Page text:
- Montana: Gov. Steve Bullock (D) on April 29, 2015, signed legislation that would expand eligibility for Medicaid to about 70,000 state residents. Montana on July 7, 2015, released its alternative Medicaid expansion plan for a 60-day public comment period prior to formally submitting a waiver to CMS for approval. On November 2, 2015, CMS approved Montana's alternative Medicaid expansion plan, which will require some beneficiaries in the expansion population to pay premiums equivalent to 2% of their income, as well as pay copayments. Coverage begins on Jan. 1, 2016.
- Nevada: Gov. Brian Sandoval (R) in December 2012 became the first GOP governor to commit his state to expanding Medicaid under the ACA. According to Sandoval's announcement, nearly 78,000 Nevadans would be covered by the expansion.
- New Hampshire: On March 27, 2014, Gov. Maggie Hassan (D) signed bipartisan legislation (SB 413) to expand Medicaid coverage to an estimated 50,000 low-income state residents. In April 2014, the state moved eligible residents into Medicaid programs. Under a waiver approved by CMS on March 4, 2015, New Hampshire will enroll those residents in private coverage through the ACA insurance exchange in 2016.
- New Jersey: Gov. Chris Christie (R) on June 28, 2013, signed a state budget that includes $227 million for Medicaid expansion in the state. However, he vetoed legislation that would have made the expansion permanent in the state.
- New Mexico: Gov. Susana Martinez (R) on Jan. 9, 2013, announced that the state would participate in the Medicaid expansion.
- New York: On June 28, 2012, in an announcement immediately following the Supreme Court's ruling on the ACA, Gov. Andrew Cuomo (D) said the state would participate in the expansion.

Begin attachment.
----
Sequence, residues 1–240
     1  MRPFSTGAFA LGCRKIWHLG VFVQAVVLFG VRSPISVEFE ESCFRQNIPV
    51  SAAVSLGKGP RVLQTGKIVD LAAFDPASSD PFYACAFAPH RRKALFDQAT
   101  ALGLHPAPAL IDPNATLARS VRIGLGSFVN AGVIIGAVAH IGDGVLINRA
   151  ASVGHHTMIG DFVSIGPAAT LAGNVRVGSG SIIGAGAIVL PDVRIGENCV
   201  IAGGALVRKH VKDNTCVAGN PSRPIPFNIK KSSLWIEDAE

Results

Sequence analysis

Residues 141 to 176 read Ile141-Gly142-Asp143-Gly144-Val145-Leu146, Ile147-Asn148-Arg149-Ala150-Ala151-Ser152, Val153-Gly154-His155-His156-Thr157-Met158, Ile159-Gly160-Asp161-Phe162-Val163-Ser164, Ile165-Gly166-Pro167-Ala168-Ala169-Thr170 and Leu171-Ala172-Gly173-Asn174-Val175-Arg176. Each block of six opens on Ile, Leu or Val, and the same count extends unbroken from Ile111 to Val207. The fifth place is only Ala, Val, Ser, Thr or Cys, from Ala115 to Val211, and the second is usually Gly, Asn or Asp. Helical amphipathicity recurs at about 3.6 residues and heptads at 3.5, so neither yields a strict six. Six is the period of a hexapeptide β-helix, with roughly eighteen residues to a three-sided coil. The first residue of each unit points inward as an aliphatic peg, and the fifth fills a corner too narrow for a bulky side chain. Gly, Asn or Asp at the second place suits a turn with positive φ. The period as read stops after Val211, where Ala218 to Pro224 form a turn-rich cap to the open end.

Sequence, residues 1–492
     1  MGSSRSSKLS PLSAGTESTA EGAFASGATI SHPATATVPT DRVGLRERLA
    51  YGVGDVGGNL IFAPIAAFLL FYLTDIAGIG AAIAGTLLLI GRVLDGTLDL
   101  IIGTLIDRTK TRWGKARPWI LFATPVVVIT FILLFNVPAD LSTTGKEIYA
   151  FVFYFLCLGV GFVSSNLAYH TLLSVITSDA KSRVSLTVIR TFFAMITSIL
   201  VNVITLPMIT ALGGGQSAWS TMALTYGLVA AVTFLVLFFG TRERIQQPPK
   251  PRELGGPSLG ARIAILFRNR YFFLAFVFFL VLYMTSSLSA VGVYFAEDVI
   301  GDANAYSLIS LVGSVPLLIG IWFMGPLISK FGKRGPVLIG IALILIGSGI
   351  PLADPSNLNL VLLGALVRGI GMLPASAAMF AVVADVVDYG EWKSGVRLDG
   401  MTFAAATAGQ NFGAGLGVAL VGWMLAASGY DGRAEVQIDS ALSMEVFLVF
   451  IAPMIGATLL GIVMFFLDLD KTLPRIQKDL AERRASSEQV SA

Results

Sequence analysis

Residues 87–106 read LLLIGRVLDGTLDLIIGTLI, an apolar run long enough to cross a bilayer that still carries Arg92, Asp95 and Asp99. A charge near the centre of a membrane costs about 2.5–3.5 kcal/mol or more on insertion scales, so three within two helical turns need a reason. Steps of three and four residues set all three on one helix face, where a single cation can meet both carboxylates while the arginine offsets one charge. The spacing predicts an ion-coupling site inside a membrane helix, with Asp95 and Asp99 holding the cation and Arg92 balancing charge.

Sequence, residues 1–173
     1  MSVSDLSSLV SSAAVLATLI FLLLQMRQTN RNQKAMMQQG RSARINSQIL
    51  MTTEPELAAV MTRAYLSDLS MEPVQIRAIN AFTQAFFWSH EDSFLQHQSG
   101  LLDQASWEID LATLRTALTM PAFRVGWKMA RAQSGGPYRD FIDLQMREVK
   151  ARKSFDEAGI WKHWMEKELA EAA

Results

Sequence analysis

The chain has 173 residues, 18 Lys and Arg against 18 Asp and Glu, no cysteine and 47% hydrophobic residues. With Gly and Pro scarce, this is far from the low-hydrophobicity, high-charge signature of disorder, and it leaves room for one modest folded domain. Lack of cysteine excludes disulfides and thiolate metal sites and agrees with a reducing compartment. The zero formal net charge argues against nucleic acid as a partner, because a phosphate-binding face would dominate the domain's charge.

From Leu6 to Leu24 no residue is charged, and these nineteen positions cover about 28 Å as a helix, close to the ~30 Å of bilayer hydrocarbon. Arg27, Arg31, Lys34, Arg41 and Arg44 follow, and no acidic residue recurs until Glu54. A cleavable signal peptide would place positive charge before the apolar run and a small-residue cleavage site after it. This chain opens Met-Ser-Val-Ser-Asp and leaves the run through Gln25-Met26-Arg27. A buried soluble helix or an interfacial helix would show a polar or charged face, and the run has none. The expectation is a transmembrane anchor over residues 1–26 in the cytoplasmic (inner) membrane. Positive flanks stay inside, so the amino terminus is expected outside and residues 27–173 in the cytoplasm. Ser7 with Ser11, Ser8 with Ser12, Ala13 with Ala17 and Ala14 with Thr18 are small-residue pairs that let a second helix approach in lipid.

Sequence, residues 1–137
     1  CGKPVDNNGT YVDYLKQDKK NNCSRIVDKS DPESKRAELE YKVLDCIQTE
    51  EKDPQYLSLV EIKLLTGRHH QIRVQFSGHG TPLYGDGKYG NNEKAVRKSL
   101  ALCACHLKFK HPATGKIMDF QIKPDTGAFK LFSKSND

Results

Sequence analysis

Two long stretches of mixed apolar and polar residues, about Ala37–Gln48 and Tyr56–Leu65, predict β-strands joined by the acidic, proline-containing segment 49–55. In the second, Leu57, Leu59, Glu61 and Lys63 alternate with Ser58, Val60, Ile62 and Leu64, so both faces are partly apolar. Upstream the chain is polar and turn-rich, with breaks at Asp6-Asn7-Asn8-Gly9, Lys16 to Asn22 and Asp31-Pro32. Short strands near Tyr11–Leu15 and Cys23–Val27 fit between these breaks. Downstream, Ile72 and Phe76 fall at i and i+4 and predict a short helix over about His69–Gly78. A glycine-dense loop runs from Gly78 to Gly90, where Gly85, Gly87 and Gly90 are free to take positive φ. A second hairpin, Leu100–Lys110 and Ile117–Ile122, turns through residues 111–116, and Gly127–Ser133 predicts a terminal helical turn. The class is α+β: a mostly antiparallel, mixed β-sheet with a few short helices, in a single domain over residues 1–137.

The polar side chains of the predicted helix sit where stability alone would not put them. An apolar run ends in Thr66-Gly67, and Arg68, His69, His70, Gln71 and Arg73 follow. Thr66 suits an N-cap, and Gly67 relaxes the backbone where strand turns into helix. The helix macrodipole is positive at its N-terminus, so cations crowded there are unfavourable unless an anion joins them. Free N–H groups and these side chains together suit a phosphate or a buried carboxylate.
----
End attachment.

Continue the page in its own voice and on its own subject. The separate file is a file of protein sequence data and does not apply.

- North Dakota: Gov. Jack Dalrymple (R) in April 2013 signed legislation expanding Medicaid in the state.
- Ohio: The state's Controlling Board—a special bipartisan legislative panel—approved Medicaid expansion in 5-2 vote on Oct. 21, 2013, allowing Gov. John Kasich (R) to expand the program on Jan. 1, 2014, without approval from Ohio's Republican-controlled Legislature.
- Oregon: The state moved forward on Medicaid expansion with the support of Gov. John Kitzhaber (D). State residents with annual incomes of up to 138% FPL began to qualify for Medicaid starting on Jan. 1, 2014.
- Pennsylvania: HHS on Aug. 28, 2014, reached a deal with Gov. Tom Corbett (R) to expand Medicaid coverage to as many as 600,000 Pennsylvania residents. The state obtained a waiver for an alternate expansion model, which included premiums for certain beneficiaries. The expansion began on Jan. 1, 2015. However, Corbett was defeated by current Gov. Tom Wolf (D) in the 2014 elections. Wolf in February 2015 announced plans to replace the alternate expansion plan with a traditional Medicaid expansion. The state completed the transition to traditional Medicaid expansion in September 2015.
- Rhode Island: On July 3, 2013, about one week before the state General Assembly adjourned for the year, Gov. Lincoln Chafee (I) signed a fiscal year 2014 budget measure that included a plan to expand Medicaid, which he endorsed in June 2012 and outlined in his 2014 budget proposal.
- Vermont: Health Care Access Commissioner Mark Larson in July 2012 said that Vermont would receive federal funds to expand its Medicaid program to a projected 47,000 additional state residents through the ACA.
- Washington: Gov. Jay Inslee (D) on June 30, 2013, signed a state budget that would expand Medicaid in the state.
- West Virginia: Gov. Earl Ray Tomblin (D) in May 2013 announced that the state would expand Medicaid, extending coverage to an additional 91,500 state residents.